So, I’m sure you’re reading this on a day later than Thursday. But I started this post ON a Thursday, so technically this is a legitimate Random Thursday post. That’s what we in the trade call “poetic license.” Or “lying.” I often get them confused. Anyway, whenever you read “today,” just pretend it’s Thursday, March 24th, and we’ll get along just fine.
Howdy, y’all. Today is National Chocolate Raisin Day, which just goes to show that we live in a fallen world. It’s partially redeemed by today also be National Cocktail Day, and I don’t know about you, but I think I’d need the latter to observe the former.
But that’s not what I want to talk about today. Today is a Super Duper Special Day in that fifty (50) years (a half century!), on this date, a band called Deep Purple released an album named Machine Head containing a song entitled Smoke On The Water, and rock and roll was changed forever. And improved, I might add. (And it’s a bit ironic that I wouldn’t have known about this epic anniversary were it not for that bastion of rock music trivia, the Wall Street Journal.)
The album is only 38 minutes in length, and contains only seven songs, but it has cemented its place in rock history.
I can’t say that Machine Head was my first exposure to a rock album. That title goes to Cream’s Disraeli Gears, which was released five years earlier and contains, IMHO, the greatest rock song of all time, Sunshine Of Your Love. But Disraeli Gears did contain a couple of clunkers, and Machine Head was in its entirety, in the immortal words of Shaun James Riley in Shaun of the Living Dead, “a slice of fried gold.” (IDK; it’s a Brit thing.)
I gave my original copy of Machine Head on vinyl to a young friend to satisfy his nostalgia for an era he never experienced (is that actually possible?), but not before I digitized the platter. Several of the songs are in regular rotation in my iTunes “Top Rated Songs” playlist (which also contains Puttin’ On The Ritz by Bing Crosby, and Grace Kelly by MIKA, which I mention just so you’ll be impressed by my musical inclusivity).
In honor of this special occasion, I’ve gone to considerable trouble and expense* to provide you with a 30 second sample of each track of Machine Head, to entertain you but mostly to avoid any copyright infringement lawsuits, as the Gazette’s legal team didn’t exactly acquit themselves well (see what I did there?) in their IP law courses at the University of Phoenix. I know, you could actually get a 90 second sample of each song via the iTunes Store, but you know me and my guileless ways, whereas you don’t know what kind of insidious subliminal messaging the gnomes at Apple Inc have injected into their “free” offerings.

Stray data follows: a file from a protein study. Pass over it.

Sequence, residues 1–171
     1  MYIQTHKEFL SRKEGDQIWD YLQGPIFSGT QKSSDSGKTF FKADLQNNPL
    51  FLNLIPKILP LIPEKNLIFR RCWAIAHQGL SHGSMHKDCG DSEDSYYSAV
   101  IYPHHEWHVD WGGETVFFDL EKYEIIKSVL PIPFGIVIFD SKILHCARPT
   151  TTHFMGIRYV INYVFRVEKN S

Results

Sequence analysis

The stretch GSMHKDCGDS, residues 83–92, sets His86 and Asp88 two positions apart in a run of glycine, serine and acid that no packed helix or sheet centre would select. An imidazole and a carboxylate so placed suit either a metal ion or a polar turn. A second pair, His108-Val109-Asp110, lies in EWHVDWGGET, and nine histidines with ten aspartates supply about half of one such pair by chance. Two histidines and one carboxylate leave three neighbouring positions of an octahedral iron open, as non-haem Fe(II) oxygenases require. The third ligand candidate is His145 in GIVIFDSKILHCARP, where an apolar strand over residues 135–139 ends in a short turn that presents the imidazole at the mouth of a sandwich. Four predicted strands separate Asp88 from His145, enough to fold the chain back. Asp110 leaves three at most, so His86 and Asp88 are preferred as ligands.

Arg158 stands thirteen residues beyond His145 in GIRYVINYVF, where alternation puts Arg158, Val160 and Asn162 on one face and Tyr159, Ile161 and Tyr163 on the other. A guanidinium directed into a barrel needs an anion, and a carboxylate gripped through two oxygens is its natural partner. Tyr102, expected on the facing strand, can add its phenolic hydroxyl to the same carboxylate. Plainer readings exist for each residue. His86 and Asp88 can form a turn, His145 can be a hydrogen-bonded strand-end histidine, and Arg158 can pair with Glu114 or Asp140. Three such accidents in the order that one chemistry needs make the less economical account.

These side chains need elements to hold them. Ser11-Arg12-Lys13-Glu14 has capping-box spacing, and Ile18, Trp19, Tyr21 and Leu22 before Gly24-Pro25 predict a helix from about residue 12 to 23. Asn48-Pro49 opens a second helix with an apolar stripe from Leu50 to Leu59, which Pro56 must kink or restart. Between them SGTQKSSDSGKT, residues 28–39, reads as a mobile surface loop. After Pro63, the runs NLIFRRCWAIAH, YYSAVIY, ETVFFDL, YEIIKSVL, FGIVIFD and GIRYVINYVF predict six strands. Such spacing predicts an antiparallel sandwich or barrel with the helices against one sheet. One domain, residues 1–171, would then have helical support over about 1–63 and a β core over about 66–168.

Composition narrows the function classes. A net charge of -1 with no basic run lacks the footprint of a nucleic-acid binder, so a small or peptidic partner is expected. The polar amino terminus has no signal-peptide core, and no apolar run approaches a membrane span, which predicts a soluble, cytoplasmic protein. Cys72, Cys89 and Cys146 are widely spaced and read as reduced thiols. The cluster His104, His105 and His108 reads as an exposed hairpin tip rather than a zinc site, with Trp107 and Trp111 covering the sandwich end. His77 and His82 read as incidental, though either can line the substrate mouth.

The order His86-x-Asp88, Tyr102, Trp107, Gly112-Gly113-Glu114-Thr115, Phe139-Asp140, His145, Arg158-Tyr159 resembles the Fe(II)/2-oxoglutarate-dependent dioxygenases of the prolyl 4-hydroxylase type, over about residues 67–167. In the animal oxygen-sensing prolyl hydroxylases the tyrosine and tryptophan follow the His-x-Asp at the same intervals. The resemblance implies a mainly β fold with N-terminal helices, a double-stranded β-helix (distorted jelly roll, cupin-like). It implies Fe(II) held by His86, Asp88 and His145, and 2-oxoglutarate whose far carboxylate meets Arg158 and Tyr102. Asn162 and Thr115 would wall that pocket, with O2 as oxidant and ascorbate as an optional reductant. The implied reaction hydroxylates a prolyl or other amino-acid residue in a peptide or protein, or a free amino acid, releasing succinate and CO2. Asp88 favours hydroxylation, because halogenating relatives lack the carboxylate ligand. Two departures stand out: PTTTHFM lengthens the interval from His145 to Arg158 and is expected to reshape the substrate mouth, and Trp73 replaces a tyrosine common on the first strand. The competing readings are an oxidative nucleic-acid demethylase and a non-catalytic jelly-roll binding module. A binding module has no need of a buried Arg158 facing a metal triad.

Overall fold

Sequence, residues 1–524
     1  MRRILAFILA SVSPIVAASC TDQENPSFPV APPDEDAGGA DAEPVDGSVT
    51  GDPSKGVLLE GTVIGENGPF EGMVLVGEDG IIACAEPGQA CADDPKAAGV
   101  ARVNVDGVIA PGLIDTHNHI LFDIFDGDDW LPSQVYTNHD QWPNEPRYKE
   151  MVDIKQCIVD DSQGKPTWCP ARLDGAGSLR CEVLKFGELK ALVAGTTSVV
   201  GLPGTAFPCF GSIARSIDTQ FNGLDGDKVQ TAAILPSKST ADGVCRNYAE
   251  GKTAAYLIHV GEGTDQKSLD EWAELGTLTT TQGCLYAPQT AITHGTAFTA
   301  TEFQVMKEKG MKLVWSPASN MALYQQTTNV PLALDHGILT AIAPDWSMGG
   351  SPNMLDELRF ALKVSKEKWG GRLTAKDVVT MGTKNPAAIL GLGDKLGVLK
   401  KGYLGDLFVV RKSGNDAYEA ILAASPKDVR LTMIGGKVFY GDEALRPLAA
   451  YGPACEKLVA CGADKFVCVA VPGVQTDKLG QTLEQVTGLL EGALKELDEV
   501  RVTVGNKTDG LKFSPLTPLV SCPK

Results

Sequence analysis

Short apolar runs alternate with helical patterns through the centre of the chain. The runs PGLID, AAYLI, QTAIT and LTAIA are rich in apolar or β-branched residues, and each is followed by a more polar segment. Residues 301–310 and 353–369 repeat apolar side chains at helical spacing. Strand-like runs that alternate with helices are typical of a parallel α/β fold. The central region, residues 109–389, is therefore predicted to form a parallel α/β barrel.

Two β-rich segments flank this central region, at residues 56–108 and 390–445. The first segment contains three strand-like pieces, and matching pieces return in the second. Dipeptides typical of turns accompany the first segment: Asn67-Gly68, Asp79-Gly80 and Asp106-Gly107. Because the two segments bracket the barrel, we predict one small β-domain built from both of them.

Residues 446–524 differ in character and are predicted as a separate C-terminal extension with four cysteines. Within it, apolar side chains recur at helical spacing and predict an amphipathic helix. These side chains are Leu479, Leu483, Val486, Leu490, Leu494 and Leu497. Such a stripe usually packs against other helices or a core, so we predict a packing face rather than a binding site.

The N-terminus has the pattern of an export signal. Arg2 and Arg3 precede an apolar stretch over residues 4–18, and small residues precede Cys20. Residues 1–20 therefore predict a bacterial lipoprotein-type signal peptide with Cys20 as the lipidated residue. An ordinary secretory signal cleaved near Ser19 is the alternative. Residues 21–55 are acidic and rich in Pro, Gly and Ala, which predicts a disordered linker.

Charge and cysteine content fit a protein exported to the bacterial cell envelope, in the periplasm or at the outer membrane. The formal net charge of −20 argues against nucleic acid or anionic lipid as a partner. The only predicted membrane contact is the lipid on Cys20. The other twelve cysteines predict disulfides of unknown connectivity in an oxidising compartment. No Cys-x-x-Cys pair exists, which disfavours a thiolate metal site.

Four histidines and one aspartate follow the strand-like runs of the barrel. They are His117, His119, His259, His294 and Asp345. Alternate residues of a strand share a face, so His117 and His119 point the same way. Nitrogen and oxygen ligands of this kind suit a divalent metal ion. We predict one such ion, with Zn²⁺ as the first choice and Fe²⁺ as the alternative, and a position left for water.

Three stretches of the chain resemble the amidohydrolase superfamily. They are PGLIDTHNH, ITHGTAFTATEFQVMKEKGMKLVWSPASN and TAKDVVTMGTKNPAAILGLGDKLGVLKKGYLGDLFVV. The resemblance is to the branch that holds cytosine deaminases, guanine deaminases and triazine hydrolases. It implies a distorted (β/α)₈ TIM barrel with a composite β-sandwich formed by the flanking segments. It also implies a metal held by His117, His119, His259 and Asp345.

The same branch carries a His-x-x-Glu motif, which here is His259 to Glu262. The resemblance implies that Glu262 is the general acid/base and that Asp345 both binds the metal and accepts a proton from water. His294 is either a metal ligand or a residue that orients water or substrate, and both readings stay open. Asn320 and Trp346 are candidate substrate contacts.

I jest, of course; Apple’s quite upfront about their subliminal messaging.
Anyway, take a gander at this, and relive some amazing rock history.
Intermezzo: OK, I think that covers the commemoration portion of the program. I’d probably quit here except that a Random WhateverDay post actually cannot cover only a single topic. I’m sorry; I don’t make the rules. I just do what the voices tell me to do. So I’m closing with this.
Do y’all get those ridiculous SeatGeek TV ads in your locale? Like this one…?
I find them annoyingly terrible (which is a redundancy, because if it’s annoying to me, it’s by definition terrible), but it does provide fodder for an alliterative adventure, to wit: how many alliterative terms can you come up with to describe the speaking body part in these ads? Here’s a list to get you started:
- Pontificating _________
- Talking ____
- Articulate ___
- Blathering ____
- Haranguing _____
- Reciting ____
Feel free to continue this exercise in etymology at your convenience, and if you come up with a particularly clever combination, please share it in the comments so we all can exult in your excellence.
*More poetic license and/or fibbing. The expense part is untrue, as I used freeware to stitch the audio segments together, and the cost of the album had long since been amortized. But the effort part is totally legit, as I first had to convert the original m4a audio files from my original digitization into aif format so that I could use Audacity to create the final medley in mp3 format. You audio engineers out there could probably have done this in your sleep; it takes a special talent like mine to do it so that it only sounds like I was asleep when I did it.